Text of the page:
New Study Finds No Link Between Autism and MMR
By Chelsea E. Toledo, M.A. on April 22, 2015
Background: Pediatricians recommend that children receive a vaccine to protect them from measles, mumps, and rubella (MMR) between 12 and 15 months of age, and then again between 4 and 6 years of age. However, the belief that these shots increase children’s risk of developing autism spectrum disorder (ASD) has contributed to a decrease in vaccination rates, threatening herd immunity.
What’s new: On April 21, 2015, the Journal of the American Medical Association published a large-scale study on the prevalence of ASD in vaccinated and unvaccinated children, all with older siblings—as children who already have a sibling with the disorder are considered to be at higher risk. The researchers looked at insurance claims data from 95,727 children between the ages of 0 to 5, 994 of whom had been diagnosed with ASD. They found that the risk of diagnosis was nearly identical for children who had been vaccinated versus those who had not. In addition, they determined that the risk of ASD did not increase following administration of MMR vaccines in children whose older siblings already had the disorder.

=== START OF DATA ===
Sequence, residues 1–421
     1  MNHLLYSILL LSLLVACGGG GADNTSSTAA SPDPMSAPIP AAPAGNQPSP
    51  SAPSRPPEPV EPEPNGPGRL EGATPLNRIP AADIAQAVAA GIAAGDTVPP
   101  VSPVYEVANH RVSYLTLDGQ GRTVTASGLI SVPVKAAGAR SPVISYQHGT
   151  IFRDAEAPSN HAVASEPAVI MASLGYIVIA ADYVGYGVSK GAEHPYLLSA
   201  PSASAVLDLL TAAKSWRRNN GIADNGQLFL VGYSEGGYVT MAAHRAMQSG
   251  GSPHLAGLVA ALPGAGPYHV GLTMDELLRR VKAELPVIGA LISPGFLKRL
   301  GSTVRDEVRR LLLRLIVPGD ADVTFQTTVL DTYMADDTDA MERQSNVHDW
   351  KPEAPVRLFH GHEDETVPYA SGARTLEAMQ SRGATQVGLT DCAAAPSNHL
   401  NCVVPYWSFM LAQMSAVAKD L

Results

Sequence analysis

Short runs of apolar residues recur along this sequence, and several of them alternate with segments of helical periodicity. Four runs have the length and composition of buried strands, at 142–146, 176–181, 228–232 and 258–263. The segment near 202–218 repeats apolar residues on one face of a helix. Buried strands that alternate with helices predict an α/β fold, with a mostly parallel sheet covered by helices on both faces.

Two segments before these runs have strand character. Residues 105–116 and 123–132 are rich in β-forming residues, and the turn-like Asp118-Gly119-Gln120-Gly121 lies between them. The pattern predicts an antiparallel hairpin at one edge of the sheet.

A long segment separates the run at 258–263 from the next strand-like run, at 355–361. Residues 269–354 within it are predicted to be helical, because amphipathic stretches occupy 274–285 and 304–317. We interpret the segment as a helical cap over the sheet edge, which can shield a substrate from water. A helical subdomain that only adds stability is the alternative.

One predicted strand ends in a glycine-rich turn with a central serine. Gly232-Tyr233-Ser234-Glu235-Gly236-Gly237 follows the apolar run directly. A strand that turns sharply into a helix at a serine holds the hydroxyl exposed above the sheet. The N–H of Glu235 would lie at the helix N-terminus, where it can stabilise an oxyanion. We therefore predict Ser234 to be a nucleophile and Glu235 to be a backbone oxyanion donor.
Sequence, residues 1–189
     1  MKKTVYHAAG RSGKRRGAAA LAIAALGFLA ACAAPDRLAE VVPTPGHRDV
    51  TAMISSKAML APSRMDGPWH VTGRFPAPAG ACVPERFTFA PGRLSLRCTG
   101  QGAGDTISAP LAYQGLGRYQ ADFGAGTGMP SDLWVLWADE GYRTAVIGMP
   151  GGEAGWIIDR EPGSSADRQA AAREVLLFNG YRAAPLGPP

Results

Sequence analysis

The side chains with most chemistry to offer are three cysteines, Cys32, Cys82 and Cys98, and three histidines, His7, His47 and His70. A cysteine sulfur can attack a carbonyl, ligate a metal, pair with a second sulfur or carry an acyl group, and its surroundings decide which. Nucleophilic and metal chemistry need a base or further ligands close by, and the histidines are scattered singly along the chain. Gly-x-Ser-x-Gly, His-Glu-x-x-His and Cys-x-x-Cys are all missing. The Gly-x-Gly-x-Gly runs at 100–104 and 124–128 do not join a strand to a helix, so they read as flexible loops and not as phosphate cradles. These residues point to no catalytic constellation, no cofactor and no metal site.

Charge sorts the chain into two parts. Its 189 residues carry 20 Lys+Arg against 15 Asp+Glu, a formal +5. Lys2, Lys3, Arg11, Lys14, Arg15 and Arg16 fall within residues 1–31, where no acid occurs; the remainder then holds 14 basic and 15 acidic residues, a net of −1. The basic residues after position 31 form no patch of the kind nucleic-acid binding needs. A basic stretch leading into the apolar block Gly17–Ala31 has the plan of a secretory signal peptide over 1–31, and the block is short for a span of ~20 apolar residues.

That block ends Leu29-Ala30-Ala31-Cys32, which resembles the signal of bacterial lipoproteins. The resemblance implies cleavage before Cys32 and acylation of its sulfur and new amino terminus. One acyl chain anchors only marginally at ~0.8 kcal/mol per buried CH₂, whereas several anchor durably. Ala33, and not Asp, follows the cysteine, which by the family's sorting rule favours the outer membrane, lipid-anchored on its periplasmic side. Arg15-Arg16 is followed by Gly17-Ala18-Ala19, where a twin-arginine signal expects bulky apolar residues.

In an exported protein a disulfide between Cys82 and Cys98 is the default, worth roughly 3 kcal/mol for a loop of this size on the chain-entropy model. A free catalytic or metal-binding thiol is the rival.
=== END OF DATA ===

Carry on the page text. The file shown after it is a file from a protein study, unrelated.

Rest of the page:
Why it’s important: This study adds to a wide body of research conducted over the past 15 years challenging the link between vaccines and ASD. The study also shed light on low vaccination rates among children whose older siblings had an ASD diagnosis—which the researchers attribute to the ongoing belief among affected families that vaccines led to their children’s ASD status.
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